Friday Apr 30 2010
Lack of contractor’s license no impediment to solar contractor on Auburn city project
By: Gus Thomson, Journal Staff Writer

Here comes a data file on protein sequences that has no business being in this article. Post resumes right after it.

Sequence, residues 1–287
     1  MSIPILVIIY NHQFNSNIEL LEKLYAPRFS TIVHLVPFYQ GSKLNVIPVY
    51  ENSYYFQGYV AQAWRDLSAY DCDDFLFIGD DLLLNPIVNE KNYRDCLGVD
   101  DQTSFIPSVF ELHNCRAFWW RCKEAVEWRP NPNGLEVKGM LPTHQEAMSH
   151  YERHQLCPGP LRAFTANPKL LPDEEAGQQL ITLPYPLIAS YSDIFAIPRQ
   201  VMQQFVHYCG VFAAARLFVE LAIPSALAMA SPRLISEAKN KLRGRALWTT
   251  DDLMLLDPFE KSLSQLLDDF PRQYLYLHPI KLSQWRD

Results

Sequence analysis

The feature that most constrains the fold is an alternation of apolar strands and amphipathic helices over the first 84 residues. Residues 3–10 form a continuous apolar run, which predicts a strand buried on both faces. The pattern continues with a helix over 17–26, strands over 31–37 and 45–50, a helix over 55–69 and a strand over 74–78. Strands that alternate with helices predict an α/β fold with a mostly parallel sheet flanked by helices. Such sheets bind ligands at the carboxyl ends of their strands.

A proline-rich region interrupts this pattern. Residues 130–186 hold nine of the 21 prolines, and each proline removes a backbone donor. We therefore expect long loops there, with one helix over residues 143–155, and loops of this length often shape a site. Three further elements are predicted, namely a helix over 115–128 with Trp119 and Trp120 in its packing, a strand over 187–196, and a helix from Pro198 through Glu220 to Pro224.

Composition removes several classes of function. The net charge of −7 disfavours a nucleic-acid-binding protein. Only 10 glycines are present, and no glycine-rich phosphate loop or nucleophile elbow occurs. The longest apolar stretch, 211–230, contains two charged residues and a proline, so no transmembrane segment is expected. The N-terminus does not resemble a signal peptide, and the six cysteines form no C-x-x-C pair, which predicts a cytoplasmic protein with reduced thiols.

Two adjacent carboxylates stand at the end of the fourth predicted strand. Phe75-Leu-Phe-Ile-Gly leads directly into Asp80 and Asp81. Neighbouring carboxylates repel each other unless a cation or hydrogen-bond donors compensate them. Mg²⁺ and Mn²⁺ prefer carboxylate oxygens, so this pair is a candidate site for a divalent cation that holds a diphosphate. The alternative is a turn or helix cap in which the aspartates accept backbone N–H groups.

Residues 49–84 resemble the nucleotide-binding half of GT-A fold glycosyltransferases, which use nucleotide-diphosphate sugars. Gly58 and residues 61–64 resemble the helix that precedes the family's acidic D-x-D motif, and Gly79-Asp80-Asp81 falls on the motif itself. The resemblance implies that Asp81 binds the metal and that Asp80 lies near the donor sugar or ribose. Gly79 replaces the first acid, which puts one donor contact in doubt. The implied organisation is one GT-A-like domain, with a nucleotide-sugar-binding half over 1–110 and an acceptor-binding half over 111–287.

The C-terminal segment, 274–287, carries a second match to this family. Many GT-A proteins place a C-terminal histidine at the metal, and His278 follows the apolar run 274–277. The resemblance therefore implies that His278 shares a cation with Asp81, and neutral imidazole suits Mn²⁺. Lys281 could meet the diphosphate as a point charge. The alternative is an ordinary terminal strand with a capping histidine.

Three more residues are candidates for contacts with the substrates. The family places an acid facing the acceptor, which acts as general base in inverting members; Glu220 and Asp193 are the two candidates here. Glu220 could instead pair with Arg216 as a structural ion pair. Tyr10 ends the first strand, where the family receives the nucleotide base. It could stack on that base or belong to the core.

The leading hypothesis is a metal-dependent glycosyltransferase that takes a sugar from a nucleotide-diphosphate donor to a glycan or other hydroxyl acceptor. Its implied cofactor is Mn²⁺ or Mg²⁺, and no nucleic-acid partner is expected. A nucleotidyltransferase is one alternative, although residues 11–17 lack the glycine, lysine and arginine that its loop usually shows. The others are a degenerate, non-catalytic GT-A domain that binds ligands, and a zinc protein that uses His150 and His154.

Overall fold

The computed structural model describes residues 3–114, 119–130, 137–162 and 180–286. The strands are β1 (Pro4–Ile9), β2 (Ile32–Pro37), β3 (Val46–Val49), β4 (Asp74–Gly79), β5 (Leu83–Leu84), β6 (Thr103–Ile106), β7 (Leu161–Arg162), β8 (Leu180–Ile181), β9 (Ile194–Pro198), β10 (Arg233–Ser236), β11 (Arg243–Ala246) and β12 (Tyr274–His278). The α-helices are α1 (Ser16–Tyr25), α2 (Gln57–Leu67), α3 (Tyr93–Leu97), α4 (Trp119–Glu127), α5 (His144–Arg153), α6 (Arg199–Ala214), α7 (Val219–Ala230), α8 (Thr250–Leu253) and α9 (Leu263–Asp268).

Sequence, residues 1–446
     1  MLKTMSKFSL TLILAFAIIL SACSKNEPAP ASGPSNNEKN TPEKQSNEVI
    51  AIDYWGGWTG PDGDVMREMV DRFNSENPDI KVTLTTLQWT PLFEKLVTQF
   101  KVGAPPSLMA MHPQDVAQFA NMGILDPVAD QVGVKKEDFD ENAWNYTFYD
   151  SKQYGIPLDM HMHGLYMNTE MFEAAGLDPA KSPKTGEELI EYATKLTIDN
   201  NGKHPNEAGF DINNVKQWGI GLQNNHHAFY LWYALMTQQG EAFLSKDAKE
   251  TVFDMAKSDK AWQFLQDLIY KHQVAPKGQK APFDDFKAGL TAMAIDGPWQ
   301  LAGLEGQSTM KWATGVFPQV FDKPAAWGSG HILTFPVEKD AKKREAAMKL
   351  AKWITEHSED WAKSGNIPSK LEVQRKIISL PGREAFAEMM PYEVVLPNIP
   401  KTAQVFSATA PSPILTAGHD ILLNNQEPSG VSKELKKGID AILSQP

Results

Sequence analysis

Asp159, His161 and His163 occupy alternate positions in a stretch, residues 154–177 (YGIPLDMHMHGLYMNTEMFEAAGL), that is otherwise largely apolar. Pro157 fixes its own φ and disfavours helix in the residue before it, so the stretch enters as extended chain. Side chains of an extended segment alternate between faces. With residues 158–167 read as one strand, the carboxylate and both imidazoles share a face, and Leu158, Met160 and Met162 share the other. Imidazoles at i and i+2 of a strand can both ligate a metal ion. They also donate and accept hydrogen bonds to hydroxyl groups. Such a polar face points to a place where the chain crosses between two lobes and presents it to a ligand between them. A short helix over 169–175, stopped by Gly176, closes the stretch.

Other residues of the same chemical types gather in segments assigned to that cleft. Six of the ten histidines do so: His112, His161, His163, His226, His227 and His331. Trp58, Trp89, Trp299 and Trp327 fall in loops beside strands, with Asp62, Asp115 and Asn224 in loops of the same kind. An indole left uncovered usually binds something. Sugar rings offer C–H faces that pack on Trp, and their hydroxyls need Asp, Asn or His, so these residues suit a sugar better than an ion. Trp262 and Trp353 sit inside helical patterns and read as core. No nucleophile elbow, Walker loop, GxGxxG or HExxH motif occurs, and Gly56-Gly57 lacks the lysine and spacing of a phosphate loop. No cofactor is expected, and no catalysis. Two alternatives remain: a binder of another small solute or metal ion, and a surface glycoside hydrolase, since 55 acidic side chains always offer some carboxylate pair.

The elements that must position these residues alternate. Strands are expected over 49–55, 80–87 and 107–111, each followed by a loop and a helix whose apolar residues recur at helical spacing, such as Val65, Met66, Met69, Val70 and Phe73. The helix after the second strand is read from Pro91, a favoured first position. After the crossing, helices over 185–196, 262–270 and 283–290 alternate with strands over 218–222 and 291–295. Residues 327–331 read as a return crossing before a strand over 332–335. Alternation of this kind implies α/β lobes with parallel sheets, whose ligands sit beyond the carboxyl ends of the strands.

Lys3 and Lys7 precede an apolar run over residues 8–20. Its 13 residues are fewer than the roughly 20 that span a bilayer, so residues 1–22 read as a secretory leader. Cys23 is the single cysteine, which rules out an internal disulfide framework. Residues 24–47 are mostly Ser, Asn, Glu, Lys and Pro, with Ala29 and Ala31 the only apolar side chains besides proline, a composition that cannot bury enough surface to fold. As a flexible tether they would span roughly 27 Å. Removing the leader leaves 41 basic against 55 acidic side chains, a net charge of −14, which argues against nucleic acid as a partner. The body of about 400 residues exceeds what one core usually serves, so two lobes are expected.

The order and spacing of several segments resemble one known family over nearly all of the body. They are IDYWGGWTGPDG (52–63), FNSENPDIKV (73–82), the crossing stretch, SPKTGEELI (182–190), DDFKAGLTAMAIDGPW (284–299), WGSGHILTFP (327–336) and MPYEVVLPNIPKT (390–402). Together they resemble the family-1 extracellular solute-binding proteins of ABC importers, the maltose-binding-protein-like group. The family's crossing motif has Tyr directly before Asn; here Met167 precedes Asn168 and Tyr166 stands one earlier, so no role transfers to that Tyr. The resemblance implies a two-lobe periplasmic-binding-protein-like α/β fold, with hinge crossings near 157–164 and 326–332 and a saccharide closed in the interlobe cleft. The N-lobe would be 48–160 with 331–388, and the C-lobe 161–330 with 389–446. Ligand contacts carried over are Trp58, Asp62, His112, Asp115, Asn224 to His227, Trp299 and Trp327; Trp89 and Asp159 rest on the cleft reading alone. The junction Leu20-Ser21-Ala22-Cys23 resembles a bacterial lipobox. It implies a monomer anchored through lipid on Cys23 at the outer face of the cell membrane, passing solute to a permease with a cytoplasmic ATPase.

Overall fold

The surprise revelation that Pacific Power Management LLC has an inactive contractor’s license won’t be an impediment to constructing a solar installation at the city of Auburn’s wastewater treatment plant, President David Dwelle said Friday. Dwelle said the Auburn Airport Industrial Park-based photovoltaic business was unaware that its license was inactive until it received a letter April 21 from the Contractors State License board. Plans are to have a contractor with an active license do the work at the Ophir Road plant while Pacific Power Management serves as the developer. Auburn has signed a power-purchase agreement with Pacific Power that calls for the business to install solar panels on city owned property. Under the agreement approved by the City Council in March, Pacific Power will sell the energy produced back to the city at a reduced rate and Auburn can purchase the photovoltaic facility after 10 years. There are no upfront costs to the city. Venus Stromberg, Contractors State License Board spokeswoman, said records showed Pacific Power’s contractor’s license became inactive April 13. Because it’s inactive, the business can’t serve as a contractor until it’s activated again, she said. Stromberg also said there were no indications of an action, fine or revocation by the License Board. Under state law, a contractor’s license is needed when contracting services cost more than $500. Jack Warren, city public works manager, said that the solar power plant is on schedule to be built this summer. Warren said that under state law, Pacific Power will be owner-builder and won’t need the contractor’s license. The electrical connection after the panels are installed will require a contractor and Pacific Power has informed the city that it will hire a licensed contractor to complete that work, he said. Dwelle said the business learned only last week that a change in status four years ago for the six-year-old enterprise from a joint venture to a limited liability company voided the license. “As it turns out, the license we had for the last five years was technically not valid,” he said. “It was an honest mistake. A whole bunch of entities can but an LLC can’t hold a contractor’s license.” While Pacific Power pursues reactivation of its license, it’s free to use other contractors while continuing to work on the projects it is moving forward on, Dwelle said.